The story of Joan of Arc, the young peasant girl who rallied French rulers against British invaders in 1428, has fascinated artists as diverse as Shakespeare, Voltaire and Mark Twain. Was she a divinely inspired saint or a demonically possessed heretic? Kathryn Harrison's insightful work deftly weaves historical fact, myth, folklore and centuries of scholarly interpretation into a compelling narrative.

Visit Newcastle Region Library's Catalogue and Website.

Friday, March 11, 2016

Is Your Dog Seeing Red? Libby Hathorn Book Launch and Dog Parade

Newcastle Writers Festival Event
Libby Hathorn Book Launch & Dog Parade
You and your beloved canine friend are invited to join us for the launch of A Soldier, a Dog and a Boy by award-winning Newcastle born writer Libby Hathorn.
April marks the centenary of The Battle of the Somme and we are commemorating the occasion with this special book. There will be lots of activities for you and your dog, including a parade.
Remember to dress your dog in red!
When 01 APR 2016
Time 4:30 PM - 6:00 PM
Where Newcastle Region Library, Laman Street, Cooks Hill
This is a free outdoor family event.

Tuesday, March 08, 2016

International Women's Day, March 9 2016

We celebrate International Women's Day with a list of women who inspire us with their integrity, courage and creativity.

Yassmin Abdel-Magied is a social commentator, founding member of Youth Without Borders and young Australian engineer. Read more about about her in Yassmin's Story to be released later this month.

Harper Lee, who sadly passed recently, wrote one of  history's most important books. To Kill a Mockingbird's vivid storytelling exposed decades of readers to the cruelty of racial intolerance.

Malala Yousafzai, the youngest recipient of the Nobel peace prize and author of I am Malala who stood up for education and was shot by the Taliban.

Patti Smith, the singer-songwriter and poet who influenced the punk movement. Revisit her music in Freegal or read her books Just Kids and and M Train.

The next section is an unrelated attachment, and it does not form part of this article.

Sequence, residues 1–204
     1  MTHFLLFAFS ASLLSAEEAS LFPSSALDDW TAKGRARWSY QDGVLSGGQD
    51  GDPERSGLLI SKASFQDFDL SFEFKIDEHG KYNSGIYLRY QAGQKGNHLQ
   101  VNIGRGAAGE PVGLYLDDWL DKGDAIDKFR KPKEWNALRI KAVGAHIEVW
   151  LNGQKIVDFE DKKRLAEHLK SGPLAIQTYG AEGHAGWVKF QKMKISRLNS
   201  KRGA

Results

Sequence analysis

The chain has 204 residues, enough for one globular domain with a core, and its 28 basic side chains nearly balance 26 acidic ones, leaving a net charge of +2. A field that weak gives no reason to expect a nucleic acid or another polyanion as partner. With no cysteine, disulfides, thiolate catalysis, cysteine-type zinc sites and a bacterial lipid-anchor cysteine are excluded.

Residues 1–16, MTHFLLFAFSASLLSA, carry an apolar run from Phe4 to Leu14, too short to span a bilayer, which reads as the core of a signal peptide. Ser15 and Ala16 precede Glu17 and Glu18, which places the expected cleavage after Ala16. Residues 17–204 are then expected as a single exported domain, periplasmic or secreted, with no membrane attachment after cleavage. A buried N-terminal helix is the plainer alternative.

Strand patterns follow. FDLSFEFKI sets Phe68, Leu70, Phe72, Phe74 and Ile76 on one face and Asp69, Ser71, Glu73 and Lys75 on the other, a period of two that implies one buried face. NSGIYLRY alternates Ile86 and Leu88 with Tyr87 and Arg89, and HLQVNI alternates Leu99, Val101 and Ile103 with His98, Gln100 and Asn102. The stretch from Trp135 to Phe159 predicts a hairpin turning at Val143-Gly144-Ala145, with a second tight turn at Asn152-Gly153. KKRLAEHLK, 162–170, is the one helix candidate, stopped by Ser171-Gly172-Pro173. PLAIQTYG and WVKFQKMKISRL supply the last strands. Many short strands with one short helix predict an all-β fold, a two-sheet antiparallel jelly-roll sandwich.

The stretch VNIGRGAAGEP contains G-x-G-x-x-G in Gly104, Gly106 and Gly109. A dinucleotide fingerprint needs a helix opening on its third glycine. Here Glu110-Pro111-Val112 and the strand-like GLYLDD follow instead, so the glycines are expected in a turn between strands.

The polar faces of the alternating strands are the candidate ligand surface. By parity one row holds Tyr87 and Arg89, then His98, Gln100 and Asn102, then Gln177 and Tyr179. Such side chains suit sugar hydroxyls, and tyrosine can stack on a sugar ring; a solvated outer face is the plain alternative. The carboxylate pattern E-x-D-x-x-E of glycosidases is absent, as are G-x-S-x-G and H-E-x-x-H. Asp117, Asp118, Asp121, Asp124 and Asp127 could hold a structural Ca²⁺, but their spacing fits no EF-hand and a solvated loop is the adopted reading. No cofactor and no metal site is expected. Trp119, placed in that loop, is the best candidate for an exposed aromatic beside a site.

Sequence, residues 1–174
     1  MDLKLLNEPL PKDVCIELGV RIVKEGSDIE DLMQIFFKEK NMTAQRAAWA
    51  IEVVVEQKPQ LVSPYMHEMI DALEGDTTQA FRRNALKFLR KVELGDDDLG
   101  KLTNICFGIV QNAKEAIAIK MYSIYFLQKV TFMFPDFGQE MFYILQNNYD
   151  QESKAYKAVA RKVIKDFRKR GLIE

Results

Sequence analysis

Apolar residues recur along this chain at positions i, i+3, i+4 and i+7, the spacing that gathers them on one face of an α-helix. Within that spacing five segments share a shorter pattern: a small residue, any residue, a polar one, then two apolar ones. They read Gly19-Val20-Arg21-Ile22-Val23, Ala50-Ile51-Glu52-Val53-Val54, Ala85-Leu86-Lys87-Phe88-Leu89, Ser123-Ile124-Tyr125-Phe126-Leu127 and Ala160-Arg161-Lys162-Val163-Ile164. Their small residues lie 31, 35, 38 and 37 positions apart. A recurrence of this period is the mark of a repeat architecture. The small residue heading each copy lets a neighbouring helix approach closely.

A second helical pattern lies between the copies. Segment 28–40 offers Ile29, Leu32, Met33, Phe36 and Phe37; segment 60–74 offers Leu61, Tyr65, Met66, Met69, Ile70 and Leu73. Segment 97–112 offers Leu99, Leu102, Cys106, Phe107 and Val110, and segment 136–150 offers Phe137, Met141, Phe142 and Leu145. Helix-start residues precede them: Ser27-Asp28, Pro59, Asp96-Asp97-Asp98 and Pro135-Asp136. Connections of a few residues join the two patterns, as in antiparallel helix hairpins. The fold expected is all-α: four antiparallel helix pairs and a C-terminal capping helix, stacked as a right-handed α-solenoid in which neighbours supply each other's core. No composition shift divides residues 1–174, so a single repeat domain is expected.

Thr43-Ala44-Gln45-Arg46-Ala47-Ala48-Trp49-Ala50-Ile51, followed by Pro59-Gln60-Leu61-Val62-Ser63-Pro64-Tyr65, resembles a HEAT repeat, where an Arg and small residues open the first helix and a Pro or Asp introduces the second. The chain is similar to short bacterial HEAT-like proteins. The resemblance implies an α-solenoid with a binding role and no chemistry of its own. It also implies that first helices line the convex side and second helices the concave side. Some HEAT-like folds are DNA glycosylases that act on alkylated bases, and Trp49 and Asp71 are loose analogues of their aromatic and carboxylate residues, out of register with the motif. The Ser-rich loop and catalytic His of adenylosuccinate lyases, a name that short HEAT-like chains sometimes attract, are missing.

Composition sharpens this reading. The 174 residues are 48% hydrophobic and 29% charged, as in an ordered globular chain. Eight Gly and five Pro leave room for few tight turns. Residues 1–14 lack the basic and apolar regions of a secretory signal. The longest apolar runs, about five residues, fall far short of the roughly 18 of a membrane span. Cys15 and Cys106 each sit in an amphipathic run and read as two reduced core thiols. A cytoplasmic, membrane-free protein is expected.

Iran Awakening describes the the powerful life of Shirin Ebadi, female judge and Nobel Prize winner, before, during and after the revolution in Iran.

Robyn Davidson journeyed alone through the Australian outback with a team of camels in the 1970s. Tracks records the connections she made with the people, landscape and and her own identity.

Lucille Ball - writer, performer and producer was a pioneer of television comedy. You can watch I Love Lucy and The Lucy Show on DVD and via indieflix.

Nellie Bly was one of the world's first investigative journalists. Read her biography, Nellie Bly: Daredevil, Reporter, Feminist or the digital edition of her work Ten Days in a Mad House

Enjoy these and countless other stories of female achievement in the Library's digital and printed collections.

Visit Newcastle Region Library's Catalogue and Website.

Friday, March 04, 2016

Chinese New Year - The Year of the Monkey

Wallsend District Library turned red once again for Chinese New Year, celebrating the Year of the Monkey, the 9th animal of the Chinese zodiac. For two weeks, 8-20 February 2016, a dazzling array of monkeys greeted customers as they came in the door, leading them into the library (and to the return chutes). The customer service desk was artfully decorated with authentic Chinese motifs, which invited many comments and compliments from customers of all cultures.  Everyone enjoyed the festive atmosphere, and applauded the multiculturalism of the event.